#### Pie Chart

A chart that uses "pie slices" to show relative sizes of data

Note: Pie charts use percentages instead of raw scores to represent data.

#### How to make them yourself

Step 1:

Step 2

Step 3

Step 4

**Think about it: **How does the use of percentages instead of raw data change the way you are looking at your data?

#### Box and Whiskers Plot

To create a box-and-whisker plot, we start by ordering our data (that is, putting the values) in numerical order, if they aren't ordered already. Then we find the median of our data. The median divides the data into two halves. To divide the data into quarters, we then find the medians of these two halves.

#### How to Create a Box and Whiskers Plot

Below is an example on how to create a box and whisker plot:

**Example 1:**

Draw a box-and-whisker plot for the following data set:

4.3, 5.1, 3.9, 4.5, 4.4, 4.9, 5.0, 4.7, 4.1, 4.6, 4.4, 4.3, 4.8, 4.4, 4.2, 4.5, 4.4

**Step 1: Order the set of data**

3.9, 4.1, 4.2, 4.3, 4.3, 4.4, 4.4, 4.4, 4.4, 4.5, 4.5, 4.6, 4.7, 4.8, 4.9, 5.0, 5.1

**Step 2: Find the Median (Q2)**

The first value I need to find from this ordered list is the median of the entire set. Since there are seventeen values in this list, the ninth value is the middle value of the list, and is therefore my median:

3.9, 4.1, 4.2, 4.3, 4.3, 4.4, 4.4, 4.4, **4.4**, 4.5, 4.5, 4.6, 4.7, 4.8, 4.9, 5.0, 5.1

The median is Q2 = 4.4

**Step 3: Find Q1 (Lower Quartile)**

Q1 is the median of the **first half** of the set of data, **not including** the median of the whole set (Q2):

First half of data: 3.9, 4.1, 4.2,** 4.3, 4.3,** 4.4, 4.4, 4.4

Q1= (4.3 + 4.3)/2 = 4.3

**Step 4: Find Q3 (Upper Quartile)**

Q3 is the median of the **last half** of the data, **not including** the median of the whole set (Q2).

Last half: 4.5, 4.5, 4.6,** 4.7, 4.8**, 4.9, 5.0, 5.1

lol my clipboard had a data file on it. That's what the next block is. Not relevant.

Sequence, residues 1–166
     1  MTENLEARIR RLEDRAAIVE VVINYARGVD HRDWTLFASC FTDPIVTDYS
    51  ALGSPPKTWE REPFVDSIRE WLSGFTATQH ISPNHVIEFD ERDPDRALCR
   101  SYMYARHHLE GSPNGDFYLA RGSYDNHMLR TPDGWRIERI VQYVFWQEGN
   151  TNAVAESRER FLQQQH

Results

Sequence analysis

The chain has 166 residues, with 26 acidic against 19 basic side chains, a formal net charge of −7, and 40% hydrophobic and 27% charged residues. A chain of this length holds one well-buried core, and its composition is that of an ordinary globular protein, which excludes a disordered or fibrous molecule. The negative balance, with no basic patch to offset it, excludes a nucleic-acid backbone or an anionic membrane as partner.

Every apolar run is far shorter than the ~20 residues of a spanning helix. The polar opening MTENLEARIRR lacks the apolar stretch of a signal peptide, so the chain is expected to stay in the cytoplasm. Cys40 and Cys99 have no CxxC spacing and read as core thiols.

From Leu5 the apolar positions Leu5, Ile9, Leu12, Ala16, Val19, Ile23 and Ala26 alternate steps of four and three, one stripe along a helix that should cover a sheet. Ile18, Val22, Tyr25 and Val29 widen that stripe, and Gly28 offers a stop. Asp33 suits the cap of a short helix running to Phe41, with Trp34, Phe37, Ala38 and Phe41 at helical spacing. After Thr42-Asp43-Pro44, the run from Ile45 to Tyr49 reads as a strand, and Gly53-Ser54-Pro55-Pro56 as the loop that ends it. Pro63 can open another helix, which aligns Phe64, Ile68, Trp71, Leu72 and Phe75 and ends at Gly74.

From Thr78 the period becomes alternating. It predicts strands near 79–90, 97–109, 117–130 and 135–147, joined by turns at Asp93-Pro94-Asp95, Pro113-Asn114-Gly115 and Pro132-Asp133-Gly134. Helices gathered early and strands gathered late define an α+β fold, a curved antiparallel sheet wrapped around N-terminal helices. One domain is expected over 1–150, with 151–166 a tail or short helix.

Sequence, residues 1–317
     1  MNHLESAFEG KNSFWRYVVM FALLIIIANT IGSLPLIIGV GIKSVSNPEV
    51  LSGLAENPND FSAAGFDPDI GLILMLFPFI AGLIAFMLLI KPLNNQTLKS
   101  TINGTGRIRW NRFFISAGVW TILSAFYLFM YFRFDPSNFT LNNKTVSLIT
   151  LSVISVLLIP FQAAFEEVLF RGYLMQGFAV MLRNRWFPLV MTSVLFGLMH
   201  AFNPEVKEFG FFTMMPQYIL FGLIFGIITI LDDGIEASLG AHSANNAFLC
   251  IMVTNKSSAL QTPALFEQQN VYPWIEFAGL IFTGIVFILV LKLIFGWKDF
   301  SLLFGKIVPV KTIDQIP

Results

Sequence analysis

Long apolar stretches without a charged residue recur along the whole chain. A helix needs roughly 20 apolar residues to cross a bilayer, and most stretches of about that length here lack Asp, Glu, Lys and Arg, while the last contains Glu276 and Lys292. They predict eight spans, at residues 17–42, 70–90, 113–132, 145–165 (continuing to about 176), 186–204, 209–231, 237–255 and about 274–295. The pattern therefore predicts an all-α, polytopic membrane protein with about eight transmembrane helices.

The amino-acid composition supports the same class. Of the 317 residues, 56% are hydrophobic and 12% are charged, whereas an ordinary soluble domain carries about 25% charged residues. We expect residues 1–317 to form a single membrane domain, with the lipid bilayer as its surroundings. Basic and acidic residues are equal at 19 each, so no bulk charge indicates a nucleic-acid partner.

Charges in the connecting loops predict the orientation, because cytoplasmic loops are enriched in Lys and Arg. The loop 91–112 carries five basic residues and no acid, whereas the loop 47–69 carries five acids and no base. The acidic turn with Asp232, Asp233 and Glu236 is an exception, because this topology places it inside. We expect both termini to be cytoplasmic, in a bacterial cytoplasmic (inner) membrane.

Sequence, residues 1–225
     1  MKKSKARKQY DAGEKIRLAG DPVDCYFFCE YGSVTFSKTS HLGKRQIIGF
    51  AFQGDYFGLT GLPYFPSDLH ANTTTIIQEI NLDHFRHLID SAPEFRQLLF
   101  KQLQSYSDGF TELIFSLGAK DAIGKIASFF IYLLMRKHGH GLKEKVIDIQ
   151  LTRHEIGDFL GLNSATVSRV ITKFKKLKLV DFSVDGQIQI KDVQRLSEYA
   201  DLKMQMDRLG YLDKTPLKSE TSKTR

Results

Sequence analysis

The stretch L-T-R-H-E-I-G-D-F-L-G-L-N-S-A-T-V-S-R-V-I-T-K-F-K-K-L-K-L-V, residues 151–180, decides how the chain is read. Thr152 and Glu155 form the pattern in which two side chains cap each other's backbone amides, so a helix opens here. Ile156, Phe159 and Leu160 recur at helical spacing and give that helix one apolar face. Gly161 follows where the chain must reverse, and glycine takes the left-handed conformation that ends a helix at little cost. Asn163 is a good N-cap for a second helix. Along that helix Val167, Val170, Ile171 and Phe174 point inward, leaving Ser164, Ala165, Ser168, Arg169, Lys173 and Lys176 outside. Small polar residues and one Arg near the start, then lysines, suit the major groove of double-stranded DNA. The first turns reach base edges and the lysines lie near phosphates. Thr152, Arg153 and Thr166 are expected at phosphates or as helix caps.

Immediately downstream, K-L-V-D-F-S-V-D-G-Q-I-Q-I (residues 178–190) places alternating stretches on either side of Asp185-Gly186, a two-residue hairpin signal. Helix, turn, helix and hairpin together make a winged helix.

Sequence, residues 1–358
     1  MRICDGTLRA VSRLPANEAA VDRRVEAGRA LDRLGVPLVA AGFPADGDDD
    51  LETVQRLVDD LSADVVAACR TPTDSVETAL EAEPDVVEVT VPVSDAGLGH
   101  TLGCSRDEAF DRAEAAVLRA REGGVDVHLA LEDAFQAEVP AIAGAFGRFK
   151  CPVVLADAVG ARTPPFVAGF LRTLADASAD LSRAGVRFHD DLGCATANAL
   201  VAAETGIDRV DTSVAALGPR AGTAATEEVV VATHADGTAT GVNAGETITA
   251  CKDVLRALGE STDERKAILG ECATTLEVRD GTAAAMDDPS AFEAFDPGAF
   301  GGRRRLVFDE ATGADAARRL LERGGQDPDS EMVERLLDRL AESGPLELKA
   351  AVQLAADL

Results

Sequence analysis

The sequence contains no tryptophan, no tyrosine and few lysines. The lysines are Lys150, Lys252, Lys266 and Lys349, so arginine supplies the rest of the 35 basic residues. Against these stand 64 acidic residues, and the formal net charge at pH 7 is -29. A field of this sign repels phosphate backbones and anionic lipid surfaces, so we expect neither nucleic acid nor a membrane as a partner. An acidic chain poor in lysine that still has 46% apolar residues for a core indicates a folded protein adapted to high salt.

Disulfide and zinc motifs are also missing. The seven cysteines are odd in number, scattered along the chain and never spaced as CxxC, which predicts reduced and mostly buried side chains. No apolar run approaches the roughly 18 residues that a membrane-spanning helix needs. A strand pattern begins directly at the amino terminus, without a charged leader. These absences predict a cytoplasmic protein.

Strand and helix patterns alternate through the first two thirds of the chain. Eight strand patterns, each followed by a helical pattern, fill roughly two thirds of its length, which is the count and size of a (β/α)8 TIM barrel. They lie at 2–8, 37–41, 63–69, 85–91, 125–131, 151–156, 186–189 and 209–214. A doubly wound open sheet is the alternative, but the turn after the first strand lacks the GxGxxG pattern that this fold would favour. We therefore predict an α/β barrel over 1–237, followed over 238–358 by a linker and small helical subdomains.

Q3 = (4.7 + 4.8)/2 = 4.75

**Step 5: Plotting**

**Example 2:**

If you need more examples, click the following link: https://www.saylor.org/site/wp-content/uploads/2013/09/K12MATH007-Box-and-Whisker-Plots-of-Data-and-Statistics.pdf

#### Your Turn

Complete the following in your OR notebook **(Due at the end of the period on 5/4)**

#### Scatter Plot

Scatter plots are similar to line graphs in that they use horizontal and vertical axes to plot data points. However, they have a very specific purpose. Scatter plots show how much one variable is affected by another. The relationship between two variables is called their correlation .

Positive and Negative Correlation

**Positive Correlation:**

- Positive slope
- As x increases, y increases

**Negative Correlation:**

- Negative slope
- As x increases, y decreases

**Best Fit Line (AKA Trend Lines)**

The goal of a scatter plot is to make it into a line graph. The way we do that is by creating a **best fit line or a trend line.** These are a straight line that best represents the data on a scatter plot. This line may pass through some of the points, none of the points, or all of the points.

The best way to find a best fit line is to connect the highest score **(maximum)**, the lowest score **(minimum), **and some point in the middle of the score distribution, **(median, but not necessarily)**.

**Example 1:**

**Step 1: **Plot points on a coordinate plane

**Step 2: **Make a Best Fit Line

**Step 3: **Write the equation of the Best Fit/ Trend Line

#### Your Turn

Complete the following in your Open Response Notebooks

Credits:

Created with images by sergilucaofa - "leaf nature fractal" • fdecomite - "Soma cubes" • rkit - "sheet holes roller shutter" • andymag - "geometry" • fdecomite - "A Stella Octangula inside a Rhombic Dodecahedron" • stux - "tapestry square district" • rkit - "tissue plastic grey" • McShaman - "City geometry"